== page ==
Bob Minoru Akimoto
Private First Class
442nd Regimental Combat Team
2nd Battalion, E Company
Bob Minoru Akimoto was born on December 14, 1925, in Seattle, Washington, to Motokichi George and Nuiko May (Yabuta) Akimoto. He had an older sister, Dorrie Sumi. His parents emigrated from Fushiki, Toyama Prefecture, Japan, in 1907 and 1918, respectively.
In 1910, Motokichi worked as a “house boy” for a private family in Portland, Oregon. He returned to Japan to marry Nuiko on January 5, 1916, in Fushiki. By 1917, he owned and operated his own dyeing and cleaning business in Portland. On March 9, 1918, Nuiko arrived in the US on the Manila Maru with Motokichi, who had gone to Japan to accompany her.
By 1920, they had moved to Seattle, Washington. Ten years later, the family was living at 2318 Thackeray Place, and Motokichi owned and operated a cleaning and dye works business. In 1940, the family was living at 1014 East 45th Street. Motokichi still owned and operated his cleaning shop, where his wife also worked.
In the spring of 1942, the family was evacuated to the Puyallup WCCA Assembly Center, located on the Western Washington Fairgrounds in Puyallup. It was euphemistically called “Camp Harmony.” On August 16, 1942, Bob and his family were incarcerated at Minidoka WRA Relocation Center (internment camp) in Hunt, Jerome County, Idaho. While at there, Bob signed his draft registration card on December 28, 1943. His father was his point of contact. The family lived in Unit 15-1-F. At the time he was 5’5½” tall, and he weighed 124 pounds.
Akimoto graduated from Hunt High School in 1944, and then enlisted in the U.S. Army at Pocatello, Idaho, on July 19, 1944. He was released from Minidoka on August 25 to go to the Army Reception Center at Camp Douglas, Utah. His parents were released on June 20, 1945, to return home to Seattle. Nuiko became a U.S. citizen on December 28, 1953.
After basic training at Camp Shelby, Mississippi, Bob arrived in France as a replacement to the 442nd Regimental Combat Team during the Maritime Alps Campaign. The Combat Team left France for Italy in late March for the Po Valley Campaign. After the end of hostilities in Italy on May 2, he served during the occupation.
Akimoto returned to the US and was discharged from the Army at Fort Lewis, Washington, on November 2, 1946.
For his military service, Private First Class Bob Minoru Akimoto earned the Bronze Star Medal, Good Conduct Medal, European-African-Middle Eastern Campaign Medal with two bronze stars, World War II Victory Medal, Army of Occupation Medal, Combat Infantryman Badge and the Distinguished Unit Badge. He was awarded the Congressional Gold Medal on October 5, 2010, along with the other members of the 100th/442nd Regimental Combat Team. This is the highest Congressional Civilian Medal.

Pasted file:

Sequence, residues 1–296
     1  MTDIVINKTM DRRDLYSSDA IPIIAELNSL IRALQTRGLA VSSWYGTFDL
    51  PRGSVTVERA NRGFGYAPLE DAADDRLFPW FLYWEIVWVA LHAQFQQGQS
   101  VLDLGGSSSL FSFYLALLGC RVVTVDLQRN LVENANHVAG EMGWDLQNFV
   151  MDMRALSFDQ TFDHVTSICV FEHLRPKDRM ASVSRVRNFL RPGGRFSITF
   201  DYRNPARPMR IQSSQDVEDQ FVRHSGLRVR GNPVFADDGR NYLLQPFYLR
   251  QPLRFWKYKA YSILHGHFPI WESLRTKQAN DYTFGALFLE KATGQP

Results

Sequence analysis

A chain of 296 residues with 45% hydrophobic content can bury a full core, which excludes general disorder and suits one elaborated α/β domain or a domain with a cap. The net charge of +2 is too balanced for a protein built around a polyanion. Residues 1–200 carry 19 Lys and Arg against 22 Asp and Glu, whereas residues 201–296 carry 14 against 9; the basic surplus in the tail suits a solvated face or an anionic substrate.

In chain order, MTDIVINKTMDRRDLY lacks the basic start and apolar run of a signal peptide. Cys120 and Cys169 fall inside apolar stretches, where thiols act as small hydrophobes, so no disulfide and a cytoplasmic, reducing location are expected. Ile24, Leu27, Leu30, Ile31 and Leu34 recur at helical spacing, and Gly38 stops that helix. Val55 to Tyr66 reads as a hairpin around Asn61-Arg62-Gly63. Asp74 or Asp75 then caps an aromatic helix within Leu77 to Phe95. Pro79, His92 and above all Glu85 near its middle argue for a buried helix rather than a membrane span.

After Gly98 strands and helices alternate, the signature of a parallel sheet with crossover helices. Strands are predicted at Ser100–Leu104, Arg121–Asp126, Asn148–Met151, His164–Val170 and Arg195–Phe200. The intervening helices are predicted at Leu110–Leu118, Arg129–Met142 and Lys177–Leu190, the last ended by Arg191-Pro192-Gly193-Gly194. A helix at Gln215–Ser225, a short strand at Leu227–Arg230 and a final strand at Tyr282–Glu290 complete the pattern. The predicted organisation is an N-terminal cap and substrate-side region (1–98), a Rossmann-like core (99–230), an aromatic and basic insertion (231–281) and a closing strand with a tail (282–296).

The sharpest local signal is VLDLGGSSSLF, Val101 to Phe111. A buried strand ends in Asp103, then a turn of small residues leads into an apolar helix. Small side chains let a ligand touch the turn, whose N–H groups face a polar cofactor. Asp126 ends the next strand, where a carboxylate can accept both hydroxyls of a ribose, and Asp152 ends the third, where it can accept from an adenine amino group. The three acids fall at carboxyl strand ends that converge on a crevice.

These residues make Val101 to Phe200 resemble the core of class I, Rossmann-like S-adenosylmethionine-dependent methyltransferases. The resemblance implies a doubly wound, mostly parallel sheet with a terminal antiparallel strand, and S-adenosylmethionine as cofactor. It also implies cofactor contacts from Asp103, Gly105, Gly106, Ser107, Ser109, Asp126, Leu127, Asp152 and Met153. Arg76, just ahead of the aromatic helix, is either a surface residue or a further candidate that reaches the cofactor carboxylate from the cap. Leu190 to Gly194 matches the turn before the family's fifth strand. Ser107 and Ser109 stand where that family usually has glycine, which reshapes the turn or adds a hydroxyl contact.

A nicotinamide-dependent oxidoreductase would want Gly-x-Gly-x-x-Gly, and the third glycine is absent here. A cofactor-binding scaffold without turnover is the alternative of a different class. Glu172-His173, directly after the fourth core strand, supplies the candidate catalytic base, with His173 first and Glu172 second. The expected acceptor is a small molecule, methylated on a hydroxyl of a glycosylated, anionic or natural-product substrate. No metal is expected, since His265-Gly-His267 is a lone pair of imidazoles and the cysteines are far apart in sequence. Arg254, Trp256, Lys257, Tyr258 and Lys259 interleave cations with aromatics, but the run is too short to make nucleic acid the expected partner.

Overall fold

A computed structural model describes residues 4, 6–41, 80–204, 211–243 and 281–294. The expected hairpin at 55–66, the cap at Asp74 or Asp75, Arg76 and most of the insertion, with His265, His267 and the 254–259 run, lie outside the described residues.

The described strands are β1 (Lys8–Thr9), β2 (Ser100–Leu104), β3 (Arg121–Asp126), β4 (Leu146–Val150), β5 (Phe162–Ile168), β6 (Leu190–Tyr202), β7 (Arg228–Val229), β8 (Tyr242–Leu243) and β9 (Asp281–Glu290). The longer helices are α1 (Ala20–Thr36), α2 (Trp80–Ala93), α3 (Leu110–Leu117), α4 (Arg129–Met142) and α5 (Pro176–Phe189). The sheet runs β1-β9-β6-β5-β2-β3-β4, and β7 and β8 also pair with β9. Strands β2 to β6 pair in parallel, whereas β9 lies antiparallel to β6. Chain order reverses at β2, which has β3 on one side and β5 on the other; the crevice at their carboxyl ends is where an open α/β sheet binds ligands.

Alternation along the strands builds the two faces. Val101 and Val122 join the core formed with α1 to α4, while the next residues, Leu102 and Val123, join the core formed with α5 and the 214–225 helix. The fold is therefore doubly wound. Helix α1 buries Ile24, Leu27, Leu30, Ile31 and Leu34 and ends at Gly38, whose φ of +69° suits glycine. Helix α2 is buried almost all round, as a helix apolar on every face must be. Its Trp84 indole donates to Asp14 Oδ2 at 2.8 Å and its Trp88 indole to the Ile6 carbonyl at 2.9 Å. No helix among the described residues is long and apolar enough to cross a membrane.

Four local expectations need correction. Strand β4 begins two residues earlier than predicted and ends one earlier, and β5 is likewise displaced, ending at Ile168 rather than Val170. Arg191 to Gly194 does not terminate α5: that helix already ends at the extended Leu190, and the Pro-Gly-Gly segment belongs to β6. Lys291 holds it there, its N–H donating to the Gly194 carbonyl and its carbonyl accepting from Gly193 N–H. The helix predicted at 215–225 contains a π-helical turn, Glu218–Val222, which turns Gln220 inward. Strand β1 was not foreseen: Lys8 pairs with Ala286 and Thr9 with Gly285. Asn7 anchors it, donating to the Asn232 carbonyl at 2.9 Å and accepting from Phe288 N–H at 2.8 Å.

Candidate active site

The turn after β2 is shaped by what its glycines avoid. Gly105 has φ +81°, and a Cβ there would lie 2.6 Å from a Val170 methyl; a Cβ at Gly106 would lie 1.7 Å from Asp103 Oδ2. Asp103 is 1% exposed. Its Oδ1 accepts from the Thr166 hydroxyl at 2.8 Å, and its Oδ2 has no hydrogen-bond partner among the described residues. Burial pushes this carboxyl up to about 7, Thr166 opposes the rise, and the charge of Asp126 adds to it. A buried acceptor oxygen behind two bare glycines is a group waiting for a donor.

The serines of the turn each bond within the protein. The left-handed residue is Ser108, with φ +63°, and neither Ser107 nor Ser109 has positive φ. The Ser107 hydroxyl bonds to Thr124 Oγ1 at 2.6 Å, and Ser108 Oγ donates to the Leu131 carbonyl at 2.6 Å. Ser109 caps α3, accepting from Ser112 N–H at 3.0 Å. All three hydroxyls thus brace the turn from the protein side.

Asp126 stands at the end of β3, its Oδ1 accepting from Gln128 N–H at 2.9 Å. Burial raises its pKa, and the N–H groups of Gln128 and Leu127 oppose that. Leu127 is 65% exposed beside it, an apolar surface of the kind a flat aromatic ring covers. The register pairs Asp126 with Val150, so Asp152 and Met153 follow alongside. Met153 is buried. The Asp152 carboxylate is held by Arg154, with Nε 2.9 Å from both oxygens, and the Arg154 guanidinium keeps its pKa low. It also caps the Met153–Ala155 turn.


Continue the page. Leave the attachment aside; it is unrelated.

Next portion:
After the war, Bob attended the University of Washington and earned his Bachelor of Science degree in Business Administration in 1954.
On August 31, 1958, he married Fusako Uyeda in Tacoma, Washington. They raised a son and a daughter and settled in Burien in the greater Seattle area. He worked for The Boeing Company and the U.S. Small Business Administration, and he retired in 1987.
On January 14, 2012, he was personally awarded the Congressional Gold Medal and the Bronze Star Medal at a ceremony in Meany Hall, University of Washington, Seattle.
Akimoto was a member of the Nisei Veterans Committee (NVC) of Seattle. His name appears on the NVC Foundation Japanese American Memorial Wall in Seattle, Brick #1309, Column 29, Row 27. His hobbies included golf, photography, gardening, and watching the Washington Huskies and Seattle Mariners games.
Bob Minoru Akimoto died on August 7, 2015, in Seattle. He was survived by his wife, son, and daughter. His memorial service was held at Blaine United Methodist Church in Seattle on August 29 and he was buried at Evergreen Washelli Memorial Park in Seattle. A colleague wrote a memory of Bob, “He was always a gentleman, treating everyone with courtesy and respect. He spoke highly of his wife and children…he had a nice sense of humor and was so pleasant.”
See the following link for more info: https://www.nvcfoundation.org/newsletter/2015/9/nvc-taps/
Researched and written by the Sons & Daughters of the 442nd Regimental Combat Team in 2021.